0410-21 NY Times Crossword 10 Apr 21, Saturday

Constructed by: Evans Clinchy
Edited by: Will Shortz

Today’s Theme: None

Bill’s time: 14m 35s

Bill’s errors: 0

Today’s Wiki-est Amazonian Googlies

Across

15 How Dickens describes Marley in “A Christmas Carol” : DEAD AS A DOORNAIL

“As dead as a doornail” is one of our older expressions, and dates back at least to the 14th century. You might have seen very old doors in castles or old houses that have large studs all over the front in a regular pattern. The studs are the heads of nails driven through the door, originally for strength, but later for decoration. They are “doornails”.

Jacob Marley is a character appearing in the wonderful novella “A Christmas Carol” by Charles Dickens. Marley is the deceased business partner of Ebenezer Scrooge who appears to him as a ghost.

20 Spiced quaff : NOG

It’s not really clear where the term “nog” (as in “eggnog”) comes from although it might derive from the word “noggin”, which was originally a small wooden cup that was long associated with alcoholic drinks.

“Quaff” is both a verb and a noun. One “quaffs” (takes a hearty drink) of a “quaff” (a hearty drink).

22 Set shots? : TAKES

That might be a film set.

23 Actress Ferrell of “White Men Can’t Jump” : TYRA

“White Men Can’t Jump” is a comedy film about two street basketball hustlers played by Wesley Snipes and Woody Harrelson.

25 “Heavens to Murgatroyd!” : MY GOD!

Remember the catchphrase made famous by the cartoon character Snagglepuss, “Heavens to Murgatroyd!”? Snagglepuss stole that line from a 1944 movie called “Meet the People” in which it was first uttered by none other than Bert Lahr, the actor who played the cowardly lion in “The Wizard of Oz”.

26 Figure to the left of Clinton in a famous 1993 photo-op handshake : RABIN

Yitzhak Rabin was the fifth Prime Minister of Israel, and the first Prime Minister to have been born in the relatively young state of Israel. Rabin was a signatory of the Oslo Accords in 1993, along with PLO Chairman Yasser Arafat, and US President Bill Clinton. Sadly, this led to his death as he was assassinated two years later by a right-wing radical who opposed the Accords.

27 Harry and Lloyd’s road trip destination in “Dumb and Dumber” : ASPEN

Aspen, Colorado used to be known as Ute City, with the name change taking place in 1880. Like many communities in the area, Aspen was a mining town, and in 1891 and 1892 it was at the center of the highest production of silver in the US. Nowadays, it’s all about skiing and movie stars.

“Dumb and Dumber” is a 1994 comedy starring Jim Carrey and Jeff Daniels as two pretty dumb guys, Lloyd Christmas and Harry Dunne. There was a prequel released in 2003 titled “Dumb and Dumberer: When Harry Met Lloyd”, and a sequel in 2011 called “Dumb and Dumber To”.

28 Boil down : DECOCT

To decoct is to extract the flavor of a liquid by boiling down and increasing the concentration. A related term is “to concoct”, meaning “to boil together”. We use the verb “to concoct” in a figurative sense to mean to contrive, devise.

29 Chopin composed three collections of them : ETUDES

Frédéric Chopin wrote three sets of études. His 1833 Études Op. 10 were dedicated to fellow-composer and friend Franz Liszt. His 1837 Études Op. 25 were dedicated to Marie d’Agoult, Franz Liszt’s mistress.

31 Scotch fillet, by another name : RIB EYE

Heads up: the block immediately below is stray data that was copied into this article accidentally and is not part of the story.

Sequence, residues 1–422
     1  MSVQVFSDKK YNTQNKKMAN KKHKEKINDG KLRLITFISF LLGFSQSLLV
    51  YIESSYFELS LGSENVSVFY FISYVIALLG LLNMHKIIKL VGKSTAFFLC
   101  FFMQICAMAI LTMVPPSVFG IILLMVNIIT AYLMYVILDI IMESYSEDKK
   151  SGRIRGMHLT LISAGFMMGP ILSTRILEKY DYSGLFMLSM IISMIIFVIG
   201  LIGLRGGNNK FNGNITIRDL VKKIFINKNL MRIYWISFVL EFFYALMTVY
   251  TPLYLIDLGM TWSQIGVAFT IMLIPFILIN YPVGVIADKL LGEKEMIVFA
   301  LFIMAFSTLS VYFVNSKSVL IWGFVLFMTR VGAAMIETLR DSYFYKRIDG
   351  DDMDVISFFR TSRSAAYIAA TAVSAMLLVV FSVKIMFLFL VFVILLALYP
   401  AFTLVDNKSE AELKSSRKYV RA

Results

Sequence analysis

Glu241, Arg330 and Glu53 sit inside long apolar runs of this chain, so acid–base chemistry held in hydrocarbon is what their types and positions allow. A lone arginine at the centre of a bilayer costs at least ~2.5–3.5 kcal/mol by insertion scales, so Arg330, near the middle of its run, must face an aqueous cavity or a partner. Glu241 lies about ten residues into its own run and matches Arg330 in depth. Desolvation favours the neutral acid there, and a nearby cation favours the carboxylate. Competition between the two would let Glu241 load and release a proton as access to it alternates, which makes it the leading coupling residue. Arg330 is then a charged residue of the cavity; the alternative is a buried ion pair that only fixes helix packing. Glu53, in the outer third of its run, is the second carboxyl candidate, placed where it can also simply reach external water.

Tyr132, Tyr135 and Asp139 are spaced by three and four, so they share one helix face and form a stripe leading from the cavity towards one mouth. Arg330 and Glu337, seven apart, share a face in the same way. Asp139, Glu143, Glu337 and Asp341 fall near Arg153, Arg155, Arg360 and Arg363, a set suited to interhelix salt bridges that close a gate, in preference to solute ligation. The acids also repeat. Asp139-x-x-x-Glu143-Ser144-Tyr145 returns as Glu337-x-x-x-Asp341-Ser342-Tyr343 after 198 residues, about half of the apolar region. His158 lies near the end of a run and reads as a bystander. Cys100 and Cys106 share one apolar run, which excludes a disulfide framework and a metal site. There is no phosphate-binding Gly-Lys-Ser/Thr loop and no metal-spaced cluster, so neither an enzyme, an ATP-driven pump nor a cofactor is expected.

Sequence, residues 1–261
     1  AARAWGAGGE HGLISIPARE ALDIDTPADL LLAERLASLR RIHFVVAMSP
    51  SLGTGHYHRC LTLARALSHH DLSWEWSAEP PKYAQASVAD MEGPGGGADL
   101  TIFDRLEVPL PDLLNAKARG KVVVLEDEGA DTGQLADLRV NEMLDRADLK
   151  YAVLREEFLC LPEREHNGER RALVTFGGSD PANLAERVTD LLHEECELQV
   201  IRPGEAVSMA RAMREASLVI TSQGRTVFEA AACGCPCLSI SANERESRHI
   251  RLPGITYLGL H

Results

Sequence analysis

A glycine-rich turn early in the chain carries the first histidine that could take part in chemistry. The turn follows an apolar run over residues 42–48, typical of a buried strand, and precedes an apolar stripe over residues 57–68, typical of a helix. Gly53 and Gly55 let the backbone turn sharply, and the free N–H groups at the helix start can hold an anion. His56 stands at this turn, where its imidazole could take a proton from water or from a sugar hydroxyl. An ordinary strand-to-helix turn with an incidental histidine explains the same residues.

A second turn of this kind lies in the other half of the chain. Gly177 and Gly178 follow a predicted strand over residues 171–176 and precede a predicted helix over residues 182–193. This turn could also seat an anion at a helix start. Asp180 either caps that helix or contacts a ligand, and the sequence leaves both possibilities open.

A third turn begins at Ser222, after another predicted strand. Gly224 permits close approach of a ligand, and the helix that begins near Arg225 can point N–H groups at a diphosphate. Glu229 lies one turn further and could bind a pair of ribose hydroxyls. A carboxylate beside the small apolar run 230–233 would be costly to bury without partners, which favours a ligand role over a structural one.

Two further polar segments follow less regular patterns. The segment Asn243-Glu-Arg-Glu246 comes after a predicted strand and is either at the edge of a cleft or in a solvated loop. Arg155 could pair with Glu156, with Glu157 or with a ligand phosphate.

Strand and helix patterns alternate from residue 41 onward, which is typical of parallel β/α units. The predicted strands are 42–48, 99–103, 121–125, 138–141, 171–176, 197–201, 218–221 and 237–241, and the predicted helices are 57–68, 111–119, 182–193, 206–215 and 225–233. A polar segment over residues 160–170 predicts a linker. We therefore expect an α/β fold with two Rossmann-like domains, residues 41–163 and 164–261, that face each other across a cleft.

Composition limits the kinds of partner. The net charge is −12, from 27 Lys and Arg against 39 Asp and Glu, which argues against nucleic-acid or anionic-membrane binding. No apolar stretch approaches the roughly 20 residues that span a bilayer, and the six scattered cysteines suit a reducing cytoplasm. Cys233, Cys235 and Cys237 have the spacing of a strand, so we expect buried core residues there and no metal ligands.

If you’re in Australia or New Zealand and looking for a rib eye steak, you need to order a “Scotch fillet”.

34 Uncle ___ : REMUS

The “Uncle Remus” stories are adaptations of African American folktales that Joel Chandler Harris collected across the Southern States.

39 Actor/comedian Mike : EPPS

Mike Epps is a stand-up comedian and actor from Indianapolis. Epps played Day-Day Jones in the 2000 stoner film “Next Friday”, and in the 2002 sequel “Friday After Next”.

40 Refuses to go along : BALKS

To balk is to stop and refuse to go on. It’s not just a baseball term …

44 “Träskor” in Sweden and “geta” in Japan, to name two : CLOGS

Clogs are shoes made from wood, at least in part. The clog originated as a protective item of footwear for use by farm, factory and mine workers.

48 Election plot twist : OCTOBER SURPRISE

“October surprise” is a political term. It refers to some unexpected piece of news that breaks in the month of October in a year just before an election, particularly a presidential election. The term tends to be used somewhat cynically, with the implication that the “surprise” is perhaps engineered to favor one candidate or another.

Down

1 Hunk : ADONIS

In Greek mythology, Adonis is a beautiful young god loved by Aphrodite. Adonis dies in a hunting accident (gored by a boar), but not before he gives Aphrodite a child. Adonis was originally a Phoenician god “absorbed” into Greek lore (Phoenicia is modern day Lebanon). The child born of Adonis to Aphrodite was called Beroe, after which is named Beirut, the capital city of Lebanon. We also use the term “adonis” to mean “beautiful male”.

2 Hoodwink : DELUDE

“To hoodwink” has had the meaning “to deceive” since about 1600. Prior to that it meant simply “to blindfold”, and is simply a combination of the words “hood” and “wink”.

6 Abbr. on a law firm’s letterhead : ESQ

The title “esquire” is of British origin and is used differently today depending on whether one is in the US or the UK. Here in America the term is usually reserved for those practicing the law (both male and female). In the UK, “esquire” is a term of gentle respect reserved for a male who has no other title that one can use. So a mere commoner like me might receive a letter from the bank, say, addressed to W. E. Butler Esq.